In 19th-century Europe, Christianity was no longer commonly trusted. Certain elites even reject it point-blank. The worldview based on faith in God was being driven away by the cult of reason and science. The theory of evolution developed, stating that man was not created by God but originated from animals. Yet at the end of the century, the conviction that scientific learning could bring people happiness weakened. Many thinkers and creators succumbed to pessimism. Culture in the 20th-century was to a large degree a product of the desire to renew and regenerate European civilisation.

There was a great range of ideas on how to overcome the crisis of European culture. Many believed in political ideologies: Marxism, communism or anarchism. Their aim was – and still is – a total reconstruction of the social order in the name of an allegedly better future. Also the notion that a new European culture should be based on pure undegenerated primeval values became increasingly popular. Knowledge of Europe’s distant past was improving. Remains and remnants of prehistorical creatures and old cultures were being found and more and more was known about non-European cultures. Crowds flocked to exhibitions to see goods, exotic animals or objects brought from across the oceans. In the 1800s, typically there was a sense of superiority that accompanied talking about such contemporaneous trophies, yet in the 20th century Europeans increasingly often became fascinated by archaic culture.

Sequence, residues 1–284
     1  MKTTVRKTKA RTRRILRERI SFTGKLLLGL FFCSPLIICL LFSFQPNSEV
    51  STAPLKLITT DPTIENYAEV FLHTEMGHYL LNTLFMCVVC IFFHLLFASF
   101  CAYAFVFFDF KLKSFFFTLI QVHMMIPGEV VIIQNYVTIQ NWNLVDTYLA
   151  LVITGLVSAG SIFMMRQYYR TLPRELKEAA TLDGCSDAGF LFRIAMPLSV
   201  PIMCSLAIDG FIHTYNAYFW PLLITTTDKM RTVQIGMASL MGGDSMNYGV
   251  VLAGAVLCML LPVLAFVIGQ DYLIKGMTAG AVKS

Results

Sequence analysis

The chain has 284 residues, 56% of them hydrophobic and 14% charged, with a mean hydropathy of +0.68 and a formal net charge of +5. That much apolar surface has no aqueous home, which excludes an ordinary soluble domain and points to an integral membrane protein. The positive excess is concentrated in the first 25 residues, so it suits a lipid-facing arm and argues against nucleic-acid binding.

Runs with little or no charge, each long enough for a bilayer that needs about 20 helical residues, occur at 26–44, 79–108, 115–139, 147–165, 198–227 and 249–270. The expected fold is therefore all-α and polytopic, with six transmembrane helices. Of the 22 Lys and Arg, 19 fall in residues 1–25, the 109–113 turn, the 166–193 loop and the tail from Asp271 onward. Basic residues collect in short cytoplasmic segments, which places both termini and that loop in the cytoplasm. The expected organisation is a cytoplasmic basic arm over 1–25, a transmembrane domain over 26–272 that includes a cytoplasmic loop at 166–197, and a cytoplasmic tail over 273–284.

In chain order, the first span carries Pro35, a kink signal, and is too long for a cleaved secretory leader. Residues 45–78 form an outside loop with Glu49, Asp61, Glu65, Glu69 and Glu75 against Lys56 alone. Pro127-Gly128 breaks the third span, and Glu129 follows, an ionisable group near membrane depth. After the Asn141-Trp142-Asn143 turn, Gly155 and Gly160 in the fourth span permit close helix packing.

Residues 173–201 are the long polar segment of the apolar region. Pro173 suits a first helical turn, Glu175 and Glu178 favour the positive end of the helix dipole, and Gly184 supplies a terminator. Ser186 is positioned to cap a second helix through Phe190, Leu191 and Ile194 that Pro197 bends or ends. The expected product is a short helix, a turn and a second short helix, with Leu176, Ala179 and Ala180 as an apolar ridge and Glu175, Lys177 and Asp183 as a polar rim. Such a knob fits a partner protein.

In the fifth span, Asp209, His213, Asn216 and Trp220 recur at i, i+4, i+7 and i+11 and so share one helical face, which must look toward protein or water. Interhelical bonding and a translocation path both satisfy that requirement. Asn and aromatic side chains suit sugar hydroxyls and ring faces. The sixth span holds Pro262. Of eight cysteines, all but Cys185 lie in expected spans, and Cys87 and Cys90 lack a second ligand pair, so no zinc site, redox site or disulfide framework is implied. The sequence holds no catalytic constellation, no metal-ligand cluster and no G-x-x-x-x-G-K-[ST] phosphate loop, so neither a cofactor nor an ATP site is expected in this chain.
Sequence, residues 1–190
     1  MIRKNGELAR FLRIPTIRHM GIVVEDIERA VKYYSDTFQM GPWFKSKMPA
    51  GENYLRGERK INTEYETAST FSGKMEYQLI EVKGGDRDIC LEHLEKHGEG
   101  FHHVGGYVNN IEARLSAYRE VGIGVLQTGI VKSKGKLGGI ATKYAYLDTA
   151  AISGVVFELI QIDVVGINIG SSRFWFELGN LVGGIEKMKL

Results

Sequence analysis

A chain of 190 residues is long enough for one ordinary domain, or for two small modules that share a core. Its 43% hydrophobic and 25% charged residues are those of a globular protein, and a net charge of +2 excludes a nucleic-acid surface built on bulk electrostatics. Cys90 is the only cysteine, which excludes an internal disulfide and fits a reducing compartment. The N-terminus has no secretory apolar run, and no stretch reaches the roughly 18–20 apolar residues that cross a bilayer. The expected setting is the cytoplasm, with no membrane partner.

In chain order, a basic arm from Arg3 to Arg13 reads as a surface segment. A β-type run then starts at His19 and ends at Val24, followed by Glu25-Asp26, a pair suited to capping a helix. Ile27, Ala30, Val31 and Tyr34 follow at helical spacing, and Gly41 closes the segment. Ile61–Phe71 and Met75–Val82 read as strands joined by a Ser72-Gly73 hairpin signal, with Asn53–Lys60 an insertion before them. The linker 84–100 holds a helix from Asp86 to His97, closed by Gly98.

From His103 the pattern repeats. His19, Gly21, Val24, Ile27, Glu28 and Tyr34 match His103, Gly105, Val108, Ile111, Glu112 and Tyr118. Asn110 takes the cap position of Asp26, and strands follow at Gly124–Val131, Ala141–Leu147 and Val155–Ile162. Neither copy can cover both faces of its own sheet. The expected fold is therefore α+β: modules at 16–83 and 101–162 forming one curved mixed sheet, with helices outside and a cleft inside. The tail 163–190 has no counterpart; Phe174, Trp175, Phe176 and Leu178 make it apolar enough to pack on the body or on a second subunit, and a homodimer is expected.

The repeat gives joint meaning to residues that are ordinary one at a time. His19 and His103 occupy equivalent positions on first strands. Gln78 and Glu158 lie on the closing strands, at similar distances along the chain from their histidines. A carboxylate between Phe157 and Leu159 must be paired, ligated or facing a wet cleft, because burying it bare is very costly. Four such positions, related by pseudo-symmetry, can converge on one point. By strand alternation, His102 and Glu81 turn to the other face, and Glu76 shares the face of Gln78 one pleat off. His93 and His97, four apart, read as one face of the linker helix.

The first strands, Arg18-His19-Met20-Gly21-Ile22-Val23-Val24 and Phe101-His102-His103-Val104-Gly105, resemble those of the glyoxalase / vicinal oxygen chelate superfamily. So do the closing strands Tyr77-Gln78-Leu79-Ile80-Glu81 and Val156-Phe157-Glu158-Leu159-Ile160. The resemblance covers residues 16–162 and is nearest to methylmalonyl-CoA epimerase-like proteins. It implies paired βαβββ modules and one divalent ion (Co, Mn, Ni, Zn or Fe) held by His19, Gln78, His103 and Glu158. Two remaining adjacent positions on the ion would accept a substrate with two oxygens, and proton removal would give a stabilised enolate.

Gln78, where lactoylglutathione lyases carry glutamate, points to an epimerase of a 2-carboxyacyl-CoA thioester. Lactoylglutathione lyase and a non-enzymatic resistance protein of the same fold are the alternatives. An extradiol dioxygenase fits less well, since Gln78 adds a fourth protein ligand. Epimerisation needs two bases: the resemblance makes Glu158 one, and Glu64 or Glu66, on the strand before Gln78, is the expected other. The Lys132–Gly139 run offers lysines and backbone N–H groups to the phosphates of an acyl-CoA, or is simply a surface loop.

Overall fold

In art, admiration for primitive cultures is symbolised by the creative output of the French painter Paul Gauguin.
Initially, he was looking for ‘primitiveness’ in French Brittany, where he wrote the following words: ‘When my clogs [wooden shoes] resound on this granite soil, I hear the dull, matt, powerful tone I seek in my painting.’ In 1891, he went to Polynesian islands, and in 1901 settled on the Marquesas Islands. There, he would paint tropical nature, exotic locals and totems representing their deities. These pictures were completely different from European painting of old. They do not represent space based on the principle of linear and aerial perspective respected since the Renaissance – the artist does not focus on faithful representation of depth and tridimensionality. There is also no depiction of natural light, something that fascinated the Impressionists so much. The works are colourful and made of flat blotches of hues. Gauguin’s paintings became a powerful inspiration for modern creative artists.
Successive trends in painting were also looking at primitive art for inspiration. When Pablo Picasso painted The Young Ladies of Avignon in 1907, he broke with the tradition of the European female nude. His model was not ancient Greek sculpture as it was for painters of previous centuries. Instead he shaped the silhouettes inspired by African sculpture. His example would be followed by hundreds of painters across Europe.

In 1911, the Russian painter Wassily Kandinsky wrote in his book Concerning the Spiritual in Art that ‘a “roughly” hewn post in an Indian temple was completely penetrated by the same spirit as a living “contemporary” work.’ Yet he did not want to imitate the forms of primitive art by simplifying the characters painted. He wished to express ‘the same spirit’ in a new language of painting. Thus the charm of the primitive became one of the inspirations of modern abstract art.